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Green Hat
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Discussion Starter #1
Hey guys, anyone here have any experience with reclaimed barn lumber?

I have a line on a great deal of it and am considering using it to build false beams for a coffered ceiling look.

The plan is to add crown molding to the false beams and set 4 x 4 drywall panels on the crown to act as a drop ceiling.

What kind of prep do I need to be prepared for? I am assuming that I will need to run them along a table saw to ensure square.......but aside from that, I have no clue.

Also, anyone have any other ideas about how reclaimed barn lumber can be used in the home? I think it will look great regardless of what I do with it.

Thanks!
 

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I've used some to make clocks---I like to belt sand it until all paint is gone--then soak it with wipe on poly--The color will surprise you---often a red/black---
 

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Reclaimed lumber can range from absolutely beautiful to absolute junk. Assuming what you have is not rotten, relatively straight and not twisted you certainty could use it to create your false beams.

Drywall cannot span 4’ unsupported. If you want to drop the ceiling then frame in ceiling, drywall that and then add the crown.
 

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Green Hat
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Discussion Starter #4
Reclaimed lumber can range from absolutely beautiful to absolute junk. Assuming what you have is not rotten, relatively straight and not twisted you certainty could use it to create your false beams.

Drywall cannot span 4’ unsupported. If you want to drop the ceiling then frame in ceiling, drywall that and then add the crown.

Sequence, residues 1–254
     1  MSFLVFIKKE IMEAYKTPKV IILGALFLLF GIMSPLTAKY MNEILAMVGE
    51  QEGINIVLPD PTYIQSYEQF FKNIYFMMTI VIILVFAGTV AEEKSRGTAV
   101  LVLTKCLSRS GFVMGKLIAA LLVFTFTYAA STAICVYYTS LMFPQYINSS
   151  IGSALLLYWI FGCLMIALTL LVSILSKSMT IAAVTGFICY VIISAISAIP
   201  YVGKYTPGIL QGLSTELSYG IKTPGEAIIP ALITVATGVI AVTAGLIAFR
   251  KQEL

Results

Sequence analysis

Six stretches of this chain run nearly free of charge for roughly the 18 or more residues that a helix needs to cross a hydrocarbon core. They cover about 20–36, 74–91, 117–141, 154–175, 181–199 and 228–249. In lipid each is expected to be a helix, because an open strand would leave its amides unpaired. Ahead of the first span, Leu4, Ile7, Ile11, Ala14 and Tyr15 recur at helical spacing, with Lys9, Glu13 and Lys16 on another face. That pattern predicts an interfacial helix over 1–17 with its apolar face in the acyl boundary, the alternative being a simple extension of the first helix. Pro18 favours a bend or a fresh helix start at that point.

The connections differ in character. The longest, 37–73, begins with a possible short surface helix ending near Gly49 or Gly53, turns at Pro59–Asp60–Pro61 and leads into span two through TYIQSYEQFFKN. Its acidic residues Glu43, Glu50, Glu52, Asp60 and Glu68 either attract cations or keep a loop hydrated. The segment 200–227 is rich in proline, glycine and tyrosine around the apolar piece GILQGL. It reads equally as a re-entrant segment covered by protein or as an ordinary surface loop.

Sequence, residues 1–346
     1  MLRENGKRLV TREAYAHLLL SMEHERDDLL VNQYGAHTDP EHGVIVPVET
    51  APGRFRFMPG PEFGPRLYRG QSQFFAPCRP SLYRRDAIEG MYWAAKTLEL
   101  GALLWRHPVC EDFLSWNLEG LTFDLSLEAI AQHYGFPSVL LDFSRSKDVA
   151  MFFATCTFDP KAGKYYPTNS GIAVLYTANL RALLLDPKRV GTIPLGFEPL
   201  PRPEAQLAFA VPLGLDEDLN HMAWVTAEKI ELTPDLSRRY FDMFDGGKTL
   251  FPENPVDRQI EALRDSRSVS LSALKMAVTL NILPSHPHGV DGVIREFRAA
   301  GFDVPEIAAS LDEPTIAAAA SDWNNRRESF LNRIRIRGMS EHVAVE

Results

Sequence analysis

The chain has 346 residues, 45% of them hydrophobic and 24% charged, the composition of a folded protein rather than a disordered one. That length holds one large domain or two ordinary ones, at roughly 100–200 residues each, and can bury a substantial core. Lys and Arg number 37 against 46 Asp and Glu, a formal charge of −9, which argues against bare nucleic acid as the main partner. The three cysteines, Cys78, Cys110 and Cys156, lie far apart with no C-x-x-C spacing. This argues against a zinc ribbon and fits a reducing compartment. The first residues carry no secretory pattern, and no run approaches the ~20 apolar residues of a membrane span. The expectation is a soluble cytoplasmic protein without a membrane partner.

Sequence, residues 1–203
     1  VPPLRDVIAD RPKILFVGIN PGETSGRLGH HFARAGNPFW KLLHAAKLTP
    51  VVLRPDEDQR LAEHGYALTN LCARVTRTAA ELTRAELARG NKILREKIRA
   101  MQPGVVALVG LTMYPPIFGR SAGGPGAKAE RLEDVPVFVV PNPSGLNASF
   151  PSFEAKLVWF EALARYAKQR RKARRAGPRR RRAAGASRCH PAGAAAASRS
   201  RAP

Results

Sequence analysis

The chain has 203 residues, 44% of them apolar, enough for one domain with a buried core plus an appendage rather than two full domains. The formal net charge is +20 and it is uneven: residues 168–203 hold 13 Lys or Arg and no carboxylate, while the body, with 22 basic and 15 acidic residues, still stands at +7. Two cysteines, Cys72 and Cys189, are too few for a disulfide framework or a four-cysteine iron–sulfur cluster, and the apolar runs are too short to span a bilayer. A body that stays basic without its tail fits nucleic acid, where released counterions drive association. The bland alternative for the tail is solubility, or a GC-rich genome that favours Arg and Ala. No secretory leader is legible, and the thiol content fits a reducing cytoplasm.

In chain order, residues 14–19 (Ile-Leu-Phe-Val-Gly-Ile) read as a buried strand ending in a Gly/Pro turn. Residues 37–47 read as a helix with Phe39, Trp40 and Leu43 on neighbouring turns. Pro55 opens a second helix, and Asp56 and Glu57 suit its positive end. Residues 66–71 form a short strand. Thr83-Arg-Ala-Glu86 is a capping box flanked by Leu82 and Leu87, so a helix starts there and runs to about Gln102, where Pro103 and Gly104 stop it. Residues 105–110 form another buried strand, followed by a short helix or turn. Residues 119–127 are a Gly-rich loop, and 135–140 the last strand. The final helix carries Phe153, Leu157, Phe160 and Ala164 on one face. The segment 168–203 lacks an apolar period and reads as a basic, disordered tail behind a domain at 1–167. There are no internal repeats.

What if I put some backing on the drywall?

The plan was to add a backing to the crown as well, then secure the crown to the backing. Something like a grid pattern is what I am looking for.

I am going to look at the lumber tomorrow. I will be able to get more than enough so hopefully its in good shape.
 

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Green Hat
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Discussion Starter #5
What if I put some backing on the drywall?

The plan was to add a backing to the crown as well, then secure the crown to the backing. Something like a grid pattern is what I am looking for.

I am going to look at the lumber tomorrow. I will be able to get more than enough so hopefully its in good shape.
Actually I guess I could just secure 1/4" drywall to 1/4" plywood and be done with it.
 

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Just check for and remove nails before running it through your planer.......I know you know that.......just thought I'd throw a reminder out there!
 

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I saw a show a few weeks ago where a couple of guys built a built-in bar in a living room, using old barn wood. They also made cabinet doors for the bar out of the same wood.

If you have enough left over, you could easily make picture frames.
 

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Instead of drywall use 3/4" good one side plywood and paint it. Birch paints nicely.
I would do this (or use 3/4" MDF), except it might get pricey depending on how much you have to do. Think about how a drop ceiling with ceiling tiles is made...they have the track the has a lip where the tile sits.....you could recreate that with wood, giving you access to the ceiling and making it removeable.